As others have noted, if you’re going to sell text links that pass reputation/PageRank, the way to do it is to add rel=nofollow to those links. Tim points out that these these links have been sold for over two years. That’s true. I’ve known about these O’Reilly links since at least 9/3/2003, and parts of perl.com, xml.com, etc. have not been trusted in terms of linkage for months and months. Remember that just because a site shows up for a “link:” command on Google does not mean that it passes PageRank, reputation, or anchortext. Google’s view on this is quite close to Phil Ringnalda’s. Selling links muddies the quality of the web and makes it harder for many search engines (not just Google) to return relevant results. The rel=nofollow attribute is the correct answer: any site can sell links, but a search engine will be able to tell that the source site is not vouching for the destination page.So here’s Google coming out and admitting that they decreased the voting power of O’Reilly sites like perl.com and xml.com and downgraded the reputation value of some of their outbound links. And if you don’t want your site to suffer the same fate, you’d better tag your link ads with rel=nofollow so they don’t gain any PageRank. How do you like them eggs! To me, that doesn’t seem quite fair to website owners. They work hard to build a content-rich destination site with good PageRank score. Google is diminishing their earning ability by insisting they cut off the flow of PageRank with a nofollow, thus decreasing the value of the link ads to the advertiser and ultimately the revenue likely to realized from that advertiser. Granted, you don’t buy links merely for PageRank, but of course it figures into the equation. The problem lies in which link ads to vouch for. If I were the advertising manager for DailyItem.com, I certainly would not vouch for the advertiser of “Discount Vacations”, as the link points to a “doorway page” operated by Orbitz that links to a whole pile of other doorway pages (tsk tsk! Google warns against using doorway pages); on the other hand, I would vouch for the “Dancewear” advertiser, since that’s the company’s name and the link points to the home page of their ecommerce site. Google, please give the website owner the option of vouching for some of their advertisers without demoting their site. A black-or-white approach just isn’t practical here. Signed, a devoted Google fan.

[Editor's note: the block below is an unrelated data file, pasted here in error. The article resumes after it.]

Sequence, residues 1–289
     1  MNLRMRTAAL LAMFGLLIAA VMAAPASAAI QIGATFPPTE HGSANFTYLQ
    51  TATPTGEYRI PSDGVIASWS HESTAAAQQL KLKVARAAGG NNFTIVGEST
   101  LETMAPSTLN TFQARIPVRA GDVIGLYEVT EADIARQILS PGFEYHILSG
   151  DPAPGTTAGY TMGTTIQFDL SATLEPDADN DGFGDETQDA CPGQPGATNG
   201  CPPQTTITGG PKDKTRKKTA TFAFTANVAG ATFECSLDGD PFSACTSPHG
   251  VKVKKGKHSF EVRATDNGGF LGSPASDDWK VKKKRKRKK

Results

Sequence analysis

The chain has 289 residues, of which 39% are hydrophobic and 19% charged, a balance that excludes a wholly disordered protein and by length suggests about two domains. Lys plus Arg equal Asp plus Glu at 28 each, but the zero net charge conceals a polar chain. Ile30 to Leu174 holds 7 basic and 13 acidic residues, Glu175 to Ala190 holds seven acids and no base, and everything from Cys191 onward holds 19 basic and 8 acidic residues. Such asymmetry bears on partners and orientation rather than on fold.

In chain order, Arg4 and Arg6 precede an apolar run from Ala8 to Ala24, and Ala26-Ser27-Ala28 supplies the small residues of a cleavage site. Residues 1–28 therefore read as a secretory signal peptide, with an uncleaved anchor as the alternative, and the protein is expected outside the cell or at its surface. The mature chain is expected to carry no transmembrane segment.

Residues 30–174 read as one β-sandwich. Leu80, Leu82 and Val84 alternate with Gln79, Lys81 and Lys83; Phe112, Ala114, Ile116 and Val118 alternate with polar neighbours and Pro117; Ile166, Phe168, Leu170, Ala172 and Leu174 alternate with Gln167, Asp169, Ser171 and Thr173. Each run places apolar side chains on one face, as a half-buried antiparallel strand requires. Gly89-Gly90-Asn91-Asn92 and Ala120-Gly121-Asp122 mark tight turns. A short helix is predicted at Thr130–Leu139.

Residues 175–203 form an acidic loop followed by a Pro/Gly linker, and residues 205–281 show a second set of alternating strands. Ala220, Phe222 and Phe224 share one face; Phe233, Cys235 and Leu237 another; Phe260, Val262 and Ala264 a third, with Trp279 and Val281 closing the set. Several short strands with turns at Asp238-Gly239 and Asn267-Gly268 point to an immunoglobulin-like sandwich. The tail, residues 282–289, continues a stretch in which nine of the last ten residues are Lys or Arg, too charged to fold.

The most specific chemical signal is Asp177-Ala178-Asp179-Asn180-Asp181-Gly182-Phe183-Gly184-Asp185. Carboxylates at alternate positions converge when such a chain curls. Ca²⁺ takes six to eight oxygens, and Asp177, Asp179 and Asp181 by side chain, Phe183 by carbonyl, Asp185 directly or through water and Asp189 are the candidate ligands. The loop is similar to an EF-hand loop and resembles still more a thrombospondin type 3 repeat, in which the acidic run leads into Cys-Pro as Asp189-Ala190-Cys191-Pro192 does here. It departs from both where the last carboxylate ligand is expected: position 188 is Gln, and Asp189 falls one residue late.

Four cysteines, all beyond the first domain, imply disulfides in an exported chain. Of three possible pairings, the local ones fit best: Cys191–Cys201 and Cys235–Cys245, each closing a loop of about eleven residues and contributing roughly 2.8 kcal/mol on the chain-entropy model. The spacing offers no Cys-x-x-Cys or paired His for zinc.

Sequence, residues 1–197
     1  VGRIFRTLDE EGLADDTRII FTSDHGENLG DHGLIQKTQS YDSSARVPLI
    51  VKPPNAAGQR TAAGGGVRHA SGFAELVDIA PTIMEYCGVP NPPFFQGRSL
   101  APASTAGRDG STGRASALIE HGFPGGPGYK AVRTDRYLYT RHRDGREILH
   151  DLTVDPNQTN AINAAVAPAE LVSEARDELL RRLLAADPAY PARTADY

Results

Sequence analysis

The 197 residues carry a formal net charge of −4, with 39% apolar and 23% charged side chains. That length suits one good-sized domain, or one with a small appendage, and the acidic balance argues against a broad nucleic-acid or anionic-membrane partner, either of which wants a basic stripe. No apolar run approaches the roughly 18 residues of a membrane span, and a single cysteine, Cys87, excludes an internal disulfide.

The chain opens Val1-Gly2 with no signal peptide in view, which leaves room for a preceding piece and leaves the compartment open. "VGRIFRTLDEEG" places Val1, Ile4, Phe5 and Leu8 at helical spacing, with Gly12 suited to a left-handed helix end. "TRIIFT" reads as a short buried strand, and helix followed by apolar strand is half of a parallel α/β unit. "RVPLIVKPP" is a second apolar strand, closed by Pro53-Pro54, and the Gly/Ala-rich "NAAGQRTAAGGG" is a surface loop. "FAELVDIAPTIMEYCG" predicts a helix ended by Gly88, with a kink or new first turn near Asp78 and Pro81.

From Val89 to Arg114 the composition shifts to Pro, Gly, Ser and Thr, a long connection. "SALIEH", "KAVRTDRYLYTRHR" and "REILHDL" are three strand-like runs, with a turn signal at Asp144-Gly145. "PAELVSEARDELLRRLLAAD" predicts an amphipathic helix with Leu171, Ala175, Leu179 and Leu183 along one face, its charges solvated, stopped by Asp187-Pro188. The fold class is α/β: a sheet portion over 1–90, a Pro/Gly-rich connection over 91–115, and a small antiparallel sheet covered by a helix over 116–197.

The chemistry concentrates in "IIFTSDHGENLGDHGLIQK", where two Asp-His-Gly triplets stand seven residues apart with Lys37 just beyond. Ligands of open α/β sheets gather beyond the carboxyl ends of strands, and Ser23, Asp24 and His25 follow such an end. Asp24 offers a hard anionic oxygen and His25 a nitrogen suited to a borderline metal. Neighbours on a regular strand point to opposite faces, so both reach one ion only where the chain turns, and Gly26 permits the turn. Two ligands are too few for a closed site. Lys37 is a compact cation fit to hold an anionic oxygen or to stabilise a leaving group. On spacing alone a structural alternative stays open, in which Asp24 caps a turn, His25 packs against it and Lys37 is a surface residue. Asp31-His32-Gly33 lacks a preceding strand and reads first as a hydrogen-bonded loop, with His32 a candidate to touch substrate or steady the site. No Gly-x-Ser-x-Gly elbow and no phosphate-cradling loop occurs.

Following on from yesterday’s post on link buying and how it’s a legitimate practice in many circumstances… I found a blog comment posted just a few days ago by Google engineer Matt Cutts (yes, I’ve been blogging a lot about him lately… honestly, I’m not a groupie!). Matt chimed in on a lively debate happening on Tim O’Reilly’s blog about the controversy surrounding the selling of link ads on the O’Reilly Network. Matt had this to say:
From my recent days as an affiliate, trying my best to get good backlinks, I can tell you that people buy text links mostly for the PR that is passed on. Very few buy them for any other reason. There are exceptions of course, but in general, they are buying PR in their eyes.
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